Book Review

Nothing to Do, Nowhere to Go: Waking Up to Who You Are by Thich Nhat Hanh. Parallax Press, Berkeley, CA, 2007; 204 pages, ISBN 1-888375-72-8, paperback, $14.95.

The businessless person, "one with nothing to do and nowhere to go," is "someone who doesn't run after enlightenment or grasp at anything, even if that thing is the Buddha.  This person has simply stopped.  She is no longer caught by anything, even theories or teachings.  The businessless person is the true person inside each one of us.  This is the essential teaching of Master Linji" (p. 11).  The Chinese Master Linji (c. 810 - 867) was one of the founders of Zen Buddhism.  His paradoxical and iconoclastic teachings, written down by his students in The Record of Master Linji, are sometimes difficult to understand and appreciate.  Here Thich Nhat Hanh gives a translation on this work with a commentary that emphasizes the timelessness of Master Linji's teachings: living in the moment, approaching everything and everyone with openness and a lack of preconceived views, ruling ourselves with confidence so that we act without attachment, and not being distracted by the content of our minds, including theories, teachings, and scriptures.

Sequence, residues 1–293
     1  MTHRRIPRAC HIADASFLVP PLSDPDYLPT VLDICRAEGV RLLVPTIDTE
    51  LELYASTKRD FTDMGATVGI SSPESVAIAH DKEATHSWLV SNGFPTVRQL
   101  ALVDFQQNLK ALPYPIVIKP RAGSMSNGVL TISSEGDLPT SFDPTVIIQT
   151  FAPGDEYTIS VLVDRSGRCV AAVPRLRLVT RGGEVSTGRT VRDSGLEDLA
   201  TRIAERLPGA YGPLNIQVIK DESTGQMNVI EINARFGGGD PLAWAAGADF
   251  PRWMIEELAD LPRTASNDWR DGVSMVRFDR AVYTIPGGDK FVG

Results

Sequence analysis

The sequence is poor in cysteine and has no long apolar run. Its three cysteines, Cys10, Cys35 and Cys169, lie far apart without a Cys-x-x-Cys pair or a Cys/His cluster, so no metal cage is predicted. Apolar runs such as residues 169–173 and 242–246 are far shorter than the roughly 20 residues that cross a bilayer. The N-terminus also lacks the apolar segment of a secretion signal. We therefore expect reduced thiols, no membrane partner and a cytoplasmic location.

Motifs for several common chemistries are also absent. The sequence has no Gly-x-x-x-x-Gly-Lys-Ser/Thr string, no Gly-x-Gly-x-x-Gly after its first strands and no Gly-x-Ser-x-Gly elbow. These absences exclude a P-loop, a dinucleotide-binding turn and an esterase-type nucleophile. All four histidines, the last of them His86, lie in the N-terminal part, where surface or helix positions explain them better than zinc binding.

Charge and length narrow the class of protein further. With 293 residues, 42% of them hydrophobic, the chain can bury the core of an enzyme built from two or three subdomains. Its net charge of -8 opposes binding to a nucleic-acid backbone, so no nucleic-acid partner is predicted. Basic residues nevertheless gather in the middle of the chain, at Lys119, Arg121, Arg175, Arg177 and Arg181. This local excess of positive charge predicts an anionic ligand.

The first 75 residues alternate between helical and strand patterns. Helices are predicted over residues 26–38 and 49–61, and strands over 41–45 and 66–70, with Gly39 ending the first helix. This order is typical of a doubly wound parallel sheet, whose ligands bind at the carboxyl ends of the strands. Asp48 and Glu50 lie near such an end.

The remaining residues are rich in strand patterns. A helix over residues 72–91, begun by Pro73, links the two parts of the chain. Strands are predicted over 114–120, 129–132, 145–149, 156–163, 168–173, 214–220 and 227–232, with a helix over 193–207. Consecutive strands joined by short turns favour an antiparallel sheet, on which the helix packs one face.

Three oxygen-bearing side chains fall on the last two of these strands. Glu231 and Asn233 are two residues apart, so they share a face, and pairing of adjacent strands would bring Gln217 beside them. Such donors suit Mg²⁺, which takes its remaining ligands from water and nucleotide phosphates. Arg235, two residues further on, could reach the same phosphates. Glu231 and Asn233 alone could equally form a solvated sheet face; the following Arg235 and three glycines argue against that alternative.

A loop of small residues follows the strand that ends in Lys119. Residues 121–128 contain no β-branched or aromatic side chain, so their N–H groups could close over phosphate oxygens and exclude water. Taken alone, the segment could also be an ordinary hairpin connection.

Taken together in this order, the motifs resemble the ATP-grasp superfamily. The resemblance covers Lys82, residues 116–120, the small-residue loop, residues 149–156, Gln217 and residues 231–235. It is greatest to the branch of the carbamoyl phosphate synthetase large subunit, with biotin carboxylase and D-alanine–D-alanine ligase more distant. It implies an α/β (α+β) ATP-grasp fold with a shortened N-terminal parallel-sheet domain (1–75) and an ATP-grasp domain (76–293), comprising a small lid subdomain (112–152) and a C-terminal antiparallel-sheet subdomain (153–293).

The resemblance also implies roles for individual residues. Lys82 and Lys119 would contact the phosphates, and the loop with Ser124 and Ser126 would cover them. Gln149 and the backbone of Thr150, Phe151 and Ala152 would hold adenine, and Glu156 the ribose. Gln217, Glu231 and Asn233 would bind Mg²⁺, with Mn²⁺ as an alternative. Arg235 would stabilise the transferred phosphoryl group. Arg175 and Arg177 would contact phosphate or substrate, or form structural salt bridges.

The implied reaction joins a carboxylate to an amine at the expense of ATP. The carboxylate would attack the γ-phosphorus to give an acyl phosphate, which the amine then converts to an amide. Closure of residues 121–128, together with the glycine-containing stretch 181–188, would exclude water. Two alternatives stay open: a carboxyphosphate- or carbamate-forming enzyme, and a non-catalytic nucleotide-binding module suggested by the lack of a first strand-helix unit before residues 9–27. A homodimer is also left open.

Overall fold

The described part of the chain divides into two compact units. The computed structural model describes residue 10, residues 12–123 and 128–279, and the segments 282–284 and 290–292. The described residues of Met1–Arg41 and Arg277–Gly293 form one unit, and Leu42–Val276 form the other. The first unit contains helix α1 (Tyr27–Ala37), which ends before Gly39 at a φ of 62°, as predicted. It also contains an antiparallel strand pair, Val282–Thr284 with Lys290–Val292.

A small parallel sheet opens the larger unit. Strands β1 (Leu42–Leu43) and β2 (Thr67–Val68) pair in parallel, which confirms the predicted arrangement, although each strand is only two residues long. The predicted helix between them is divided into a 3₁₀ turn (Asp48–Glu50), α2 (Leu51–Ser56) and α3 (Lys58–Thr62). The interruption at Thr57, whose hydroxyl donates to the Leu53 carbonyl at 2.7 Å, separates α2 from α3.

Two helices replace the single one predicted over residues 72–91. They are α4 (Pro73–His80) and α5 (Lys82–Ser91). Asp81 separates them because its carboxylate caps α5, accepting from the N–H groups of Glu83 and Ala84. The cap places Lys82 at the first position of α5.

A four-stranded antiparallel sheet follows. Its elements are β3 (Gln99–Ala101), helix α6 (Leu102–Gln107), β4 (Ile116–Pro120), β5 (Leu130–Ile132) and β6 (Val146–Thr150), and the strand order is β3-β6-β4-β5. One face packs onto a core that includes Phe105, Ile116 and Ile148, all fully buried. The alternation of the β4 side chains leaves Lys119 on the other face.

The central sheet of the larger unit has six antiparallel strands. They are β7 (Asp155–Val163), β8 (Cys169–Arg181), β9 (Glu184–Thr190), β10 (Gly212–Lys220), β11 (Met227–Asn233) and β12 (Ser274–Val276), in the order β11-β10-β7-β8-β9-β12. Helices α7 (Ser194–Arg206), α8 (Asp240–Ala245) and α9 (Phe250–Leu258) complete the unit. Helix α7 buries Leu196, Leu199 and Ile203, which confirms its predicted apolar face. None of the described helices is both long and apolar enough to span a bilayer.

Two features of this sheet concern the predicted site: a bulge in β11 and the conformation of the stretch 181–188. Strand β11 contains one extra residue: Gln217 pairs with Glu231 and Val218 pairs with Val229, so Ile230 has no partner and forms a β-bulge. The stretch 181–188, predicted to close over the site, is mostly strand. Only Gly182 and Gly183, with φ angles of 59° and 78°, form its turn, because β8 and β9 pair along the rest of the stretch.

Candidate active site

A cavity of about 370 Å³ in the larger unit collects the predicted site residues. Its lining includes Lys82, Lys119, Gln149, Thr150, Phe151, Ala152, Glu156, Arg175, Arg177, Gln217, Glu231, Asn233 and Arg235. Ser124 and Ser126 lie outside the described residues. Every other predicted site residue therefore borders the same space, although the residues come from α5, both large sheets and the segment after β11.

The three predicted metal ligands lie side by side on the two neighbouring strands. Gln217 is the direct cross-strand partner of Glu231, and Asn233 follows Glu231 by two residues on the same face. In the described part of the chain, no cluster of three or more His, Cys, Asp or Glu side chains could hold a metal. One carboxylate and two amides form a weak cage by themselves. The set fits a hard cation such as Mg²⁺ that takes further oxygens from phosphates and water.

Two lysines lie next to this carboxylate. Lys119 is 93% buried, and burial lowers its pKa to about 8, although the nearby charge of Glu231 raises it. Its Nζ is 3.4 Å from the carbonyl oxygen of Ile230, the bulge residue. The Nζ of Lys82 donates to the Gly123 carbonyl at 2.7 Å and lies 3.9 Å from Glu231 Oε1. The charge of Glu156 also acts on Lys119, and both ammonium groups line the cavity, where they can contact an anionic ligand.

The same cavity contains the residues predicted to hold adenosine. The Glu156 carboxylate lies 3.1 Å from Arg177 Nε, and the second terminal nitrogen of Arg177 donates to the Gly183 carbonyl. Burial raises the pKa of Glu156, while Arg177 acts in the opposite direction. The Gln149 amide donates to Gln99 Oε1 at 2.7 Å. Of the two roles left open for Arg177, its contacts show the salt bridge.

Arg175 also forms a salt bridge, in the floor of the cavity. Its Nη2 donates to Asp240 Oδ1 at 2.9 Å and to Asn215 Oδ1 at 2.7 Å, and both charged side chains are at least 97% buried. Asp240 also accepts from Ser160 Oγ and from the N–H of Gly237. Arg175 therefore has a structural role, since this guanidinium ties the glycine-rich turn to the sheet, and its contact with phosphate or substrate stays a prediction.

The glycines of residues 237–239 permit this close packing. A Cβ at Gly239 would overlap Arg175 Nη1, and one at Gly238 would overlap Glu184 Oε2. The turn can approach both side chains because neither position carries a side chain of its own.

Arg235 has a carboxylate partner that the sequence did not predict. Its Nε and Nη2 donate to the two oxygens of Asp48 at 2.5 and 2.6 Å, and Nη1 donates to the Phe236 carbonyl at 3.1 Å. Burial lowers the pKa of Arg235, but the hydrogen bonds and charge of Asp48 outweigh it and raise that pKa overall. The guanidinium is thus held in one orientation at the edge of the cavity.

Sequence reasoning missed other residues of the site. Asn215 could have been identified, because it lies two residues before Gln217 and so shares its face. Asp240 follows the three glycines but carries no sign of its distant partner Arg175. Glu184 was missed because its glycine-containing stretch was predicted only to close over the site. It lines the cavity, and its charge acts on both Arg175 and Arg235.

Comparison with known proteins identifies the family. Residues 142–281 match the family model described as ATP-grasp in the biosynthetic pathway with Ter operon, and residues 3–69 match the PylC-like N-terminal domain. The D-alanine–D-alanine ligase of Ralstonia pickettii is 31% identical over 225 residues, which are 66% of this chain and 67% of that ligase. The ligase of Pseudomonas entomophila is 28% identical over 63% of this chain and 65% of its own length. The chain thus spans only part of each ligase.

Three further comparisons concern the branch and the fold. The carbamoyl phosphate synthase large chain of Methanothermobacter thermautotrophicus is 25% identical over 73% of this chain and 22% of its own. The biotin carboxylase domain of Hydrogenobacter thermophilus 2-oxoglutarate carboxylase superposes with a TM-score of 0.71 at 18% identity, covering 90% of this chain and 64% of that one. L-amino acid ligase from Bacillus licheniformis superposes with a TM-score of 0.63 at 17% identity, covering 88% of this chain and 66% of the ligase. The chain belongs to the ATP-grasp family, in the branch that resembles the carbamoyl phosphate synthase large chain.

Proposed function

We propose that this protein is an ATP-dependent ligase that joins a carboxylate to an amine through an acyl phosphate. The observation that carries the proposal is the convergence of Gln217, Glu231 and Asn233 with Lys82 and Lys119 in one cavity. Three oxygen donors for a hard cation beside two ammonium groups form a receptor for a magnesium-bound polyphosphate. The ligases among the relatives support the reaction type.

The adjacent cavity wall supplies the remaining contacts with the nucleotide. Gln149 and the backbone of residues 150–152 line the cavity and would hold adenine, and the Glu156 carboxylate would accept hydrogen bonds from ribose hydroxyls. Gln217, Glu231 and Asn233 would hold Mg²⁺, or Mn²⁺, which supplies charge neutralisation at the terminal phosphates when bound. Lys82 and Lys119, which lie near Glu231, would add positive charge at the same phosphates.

Despite differences of custom, sensibility, and opinion built up over 1,000 years, these teachings remain immediate. They speak to us of the human condition and how by our own efforts in the present moment we can come to enlightenment, a true understanding of ourselves unlimited by ignorance, attachments, and craving.  It involves getting in touch with our true nature, for "If we search for something outside ourselves, we will never find it.  We have, within us, all the seeds of Buddhahood.  The Buddha and the masters don't belong to the past, the future, or another place. They are here with us in this present moment" (p. 89). I found this a absorbing and useful book. – Sarah Belle Dougherty (January 2009)